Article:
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• ### Similar Content

• By GytisDev
Hello,
me and few friends are developing simple city building game with unity for a school project, think something like Banished but much simpler. I was tasked to create the path-finding for the game so I mostly followed this tutorial series up to episode 5. Then we created simple working system for cutting trees. The problem is that the path-finding is working like 90% of the time, then it get stuck randomly then there's clearly a way to the objective (tree). I tried looking for some pattern when it happens but can't find anything. So basically I need any tips for how I should approach this problem.
Use this image to visualize the problem.
• By owenjr
Hi there!
I am trying to implement a basic AI for a Turrets game in SFML and C++ and I have some problems.
This AI follows some waypoints stablished in a Bezier Courve.
In first place, this path was followed only by one enemy. For this purpose, the enemy has to calculate his distance between his actual position
to the next waypoint he has to pick.
If the distance is less than a specific value we stablish, then, we get to the next point. This will repeat until the final destination is reached. (in the submitting code, forget about the var m_go)

Okay, our problem gets when we spawn several enemies and all have to follow the same path, because it produces a bad visual effect (everyone gets upside another).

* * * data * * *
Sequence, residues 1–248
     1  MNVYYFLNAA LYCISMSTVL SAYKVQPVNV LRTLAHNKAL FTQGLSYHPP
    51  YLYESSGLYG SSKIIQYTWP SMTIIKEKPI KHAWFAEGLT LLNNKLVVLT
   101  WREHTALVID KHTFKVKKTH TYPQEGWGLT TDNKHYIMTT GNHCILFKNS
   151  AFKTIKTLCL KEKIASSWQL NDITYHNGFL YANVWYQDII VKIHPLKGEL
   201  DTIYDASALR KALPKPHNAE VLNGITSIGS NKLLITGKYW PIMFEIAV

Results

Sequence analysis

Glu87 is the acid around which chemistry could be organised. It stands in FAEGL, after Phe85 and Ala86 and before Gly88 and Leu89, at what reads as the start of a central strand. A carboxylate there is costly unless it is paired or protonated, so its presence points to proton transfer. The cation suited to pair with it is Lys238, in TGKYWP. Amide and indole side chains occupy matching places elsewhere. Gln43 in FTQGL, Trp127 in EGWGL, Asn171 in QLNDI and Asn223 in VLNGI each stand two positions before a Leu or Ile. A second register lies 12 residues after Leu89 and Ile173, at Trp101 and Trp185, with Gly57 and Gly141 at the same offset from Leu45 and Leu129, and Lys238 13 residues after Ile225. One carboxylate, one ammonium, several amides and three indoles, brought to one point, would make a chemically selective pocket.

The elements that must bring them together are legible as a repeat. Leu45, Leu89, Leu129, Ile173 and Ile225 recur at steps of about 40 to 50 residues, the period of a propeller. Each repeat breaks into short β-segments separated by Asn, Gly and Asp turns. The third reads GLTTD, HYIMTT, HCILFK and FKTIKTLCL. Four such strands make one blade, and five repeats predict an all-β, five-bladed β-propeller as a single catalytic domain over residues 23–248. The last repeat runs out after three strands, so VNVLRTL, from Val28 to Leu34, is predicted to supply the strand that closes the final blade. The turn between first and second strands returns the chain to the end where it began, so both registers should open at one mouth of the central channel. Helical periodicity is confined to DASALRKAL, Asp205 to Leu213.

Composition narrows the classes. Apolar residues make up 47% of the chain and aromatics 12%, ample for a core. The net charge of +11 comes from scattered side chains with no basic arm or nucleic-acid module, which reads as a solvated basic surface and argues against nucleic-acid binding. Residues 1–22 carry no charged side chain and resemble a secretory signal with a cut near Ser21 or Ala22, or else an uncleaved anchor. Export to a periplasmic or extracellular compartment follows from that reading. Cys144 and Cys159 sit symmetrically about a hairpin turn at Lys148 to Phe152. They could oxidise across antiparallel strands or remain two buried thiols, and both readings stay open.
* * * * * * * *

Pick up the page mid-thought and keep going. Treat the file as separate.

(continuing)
In order to solve this visual problem, we have decided to use a repulsion vector. The calculus gets like this:

As you can see, we calculate the repulsion vector with the inverse of the distance between the enemy and his nearest neighbor.
Then, we get it applying this to the "theorical" direction, by adding it, and we get a resultant, which is the direction that
our enemy has to follow to not "collide" with it's neighbors. But, our issue comes here:

The enemys get sepparated in the middle of the curve and, as we spawn more enemys, the speed of all of them increases dramatically (including the enemies that don't calculate the repuslion vector).
1 - Is it usual that this sepparation occours in the middle of the trajectory?
2 - Is it there a way to control this direction without the speed getting affected?
3 - Is it there any alternative to this theory?